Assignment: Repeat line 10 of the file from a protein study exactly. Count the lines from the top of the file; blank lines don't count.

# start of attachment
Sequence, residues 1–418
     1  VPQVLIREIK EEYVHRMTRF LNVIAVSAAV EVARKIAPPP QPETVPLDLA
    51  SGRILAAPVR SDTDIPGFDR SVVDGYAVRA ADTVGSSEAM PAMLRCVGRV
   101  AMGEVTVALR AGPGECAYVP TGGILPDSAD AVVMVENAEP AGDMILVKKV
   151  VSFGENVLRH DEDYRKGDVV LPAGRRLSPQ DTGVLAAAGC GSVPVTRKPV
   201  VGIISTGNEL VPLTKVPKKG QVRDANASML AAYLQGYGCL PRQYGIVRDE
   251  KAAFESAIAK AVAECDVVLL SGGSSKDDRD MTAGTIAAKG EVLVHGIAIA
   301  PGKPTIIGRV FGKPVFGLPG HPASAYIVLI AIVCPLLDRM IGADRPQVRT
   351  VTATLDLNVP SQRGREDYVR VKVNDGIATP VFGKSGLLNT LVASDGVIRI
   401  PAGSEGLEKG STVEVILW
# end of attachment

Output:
   401  PAGSEGLEKG STVEVILW